Genetic diversity of wild and farmed black sea bream populations in Jeju

  • An, Hye-Suck (Biotechnology Research Division, National Fisheries Research and Development Institute) ;
  • Hong, Seong-Wan (Jeju Province Fisheries Resources Research Institute) ;
  • Lee, Jung-Uie (Aquaculture Management Division, National Fisheries Research and Development Institute) ;
  • Park, Jung-Youn (Biotechnology Research Division, National Fisheries Research and Development Institute) ;
  • Kim, Kyung-Kil (Biotechnology Research Division, National Fisheries Research and Development Institute)
  • Received : 2009.09.29
  • Published : 2010.03.31


Black sea bream, Acanthopagrus schlegelii, is a commercially important fish in Korea. As a preliminary investigation into the effect of hatchery rearing for stock enhancement, we examined genetic diversity between wild and farmed black sea bream populations from Jeju using six microsatellite markers. High levels of polymorphism were observed between the two populations. A total of 87 different alleles were found at the loci, with some alleles being unique. Allelic variability ranged from 8 to 22 in the wild population and from 7 to 17 in the farmed one. Average observed and expected heterozygosities were estimated at 0.87 and 0.88 in the wild sample. The corresponding estimates were 0.83 and 0.86 in the farmed sample. Although a considerable loss of rare alleles was observed in the farmed sample, no statistically significant reductions were found in heterozygosity or allelic diversity in the farmed sample, compared with the wild one. Significant genetic heterogeneity was found between the wild and farmed populations. These results suggest that more intensive breeding practices for stock enhancement may have resulted in a further decrease of genetic diversity. Thus, it is necessary to monitor genetic variation in bloodstock, progeny, and target populations and control inbreeding in a commercial breeding program for conservation. This information may be useful for fisheries management and the aquaculture industry.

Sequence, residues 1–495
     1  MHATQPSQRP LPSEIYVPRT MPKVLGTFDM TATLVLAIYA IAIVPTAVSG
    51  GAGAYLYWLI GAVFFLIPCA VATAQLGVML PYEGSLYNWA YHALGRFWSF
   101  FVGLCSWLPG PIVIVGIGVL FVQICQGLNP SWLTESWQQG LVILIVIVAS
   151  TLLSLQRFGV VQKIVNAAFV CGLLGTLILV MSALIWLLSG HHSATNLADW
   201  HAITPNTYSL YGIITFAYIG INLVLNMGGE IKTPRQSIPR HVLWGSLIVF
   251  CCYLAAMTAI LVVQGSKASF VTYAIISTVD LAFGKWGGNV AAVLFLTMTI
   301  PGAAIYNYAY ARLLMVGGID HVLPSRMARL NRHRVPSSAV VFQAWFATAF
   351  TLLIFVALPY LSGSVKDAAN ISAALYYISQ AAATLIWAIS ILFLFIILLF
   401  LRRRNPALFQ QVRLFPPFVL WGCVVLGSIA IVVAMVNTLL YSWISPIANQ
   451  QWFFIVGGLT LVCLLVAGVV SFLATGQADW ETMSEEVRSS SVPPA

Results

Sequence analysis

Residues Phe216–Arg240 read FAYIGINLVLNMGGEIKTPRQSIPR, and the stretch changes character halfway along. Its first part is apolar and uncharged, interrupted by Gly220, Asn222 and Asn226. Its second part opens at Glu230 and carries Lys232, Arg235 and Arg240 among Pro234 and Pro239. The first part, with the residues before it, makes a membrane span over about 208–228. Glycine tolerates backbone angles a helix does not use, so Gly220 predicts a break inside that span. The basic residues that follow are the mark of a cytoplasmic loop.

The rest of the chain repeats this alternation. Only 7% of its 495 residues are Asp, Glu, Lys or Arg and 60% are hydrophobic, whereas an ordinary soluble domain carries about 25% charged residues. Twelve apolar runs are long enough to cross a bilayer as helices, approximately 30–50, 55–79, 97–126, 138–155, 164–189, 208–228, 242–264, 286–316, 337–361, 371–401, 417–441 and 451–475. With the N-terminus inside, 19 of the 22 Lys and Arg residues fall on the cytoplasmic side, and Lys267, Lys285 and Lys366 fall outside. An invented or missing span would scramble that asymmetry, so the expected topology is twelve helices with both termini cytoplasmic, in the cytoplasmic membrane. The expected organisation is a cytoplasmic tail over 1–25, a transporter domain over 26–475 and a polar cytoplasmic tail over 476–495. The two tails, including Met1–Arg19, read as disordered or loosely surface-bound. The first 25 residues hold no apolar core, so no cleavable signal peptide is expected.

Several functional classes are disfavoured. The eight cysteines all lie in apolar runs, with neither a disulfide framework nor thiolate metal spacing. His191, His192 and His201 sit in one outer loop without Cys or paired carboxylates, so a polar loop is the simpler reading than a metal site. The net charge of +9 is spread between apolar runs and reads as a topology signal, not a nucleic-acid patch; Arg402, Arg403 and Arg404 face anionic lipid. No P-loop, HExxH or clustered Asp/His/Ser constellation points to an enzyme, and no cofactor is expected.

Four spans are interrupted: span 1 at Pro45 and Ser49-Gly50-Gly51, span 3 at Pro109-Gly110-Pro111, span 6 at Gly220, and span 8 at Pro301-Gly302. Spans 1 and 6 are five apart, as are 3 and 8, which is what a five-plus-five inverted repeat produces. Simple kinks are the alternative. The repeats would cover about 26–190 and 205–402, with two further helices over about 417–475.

Supported by : NFRDI


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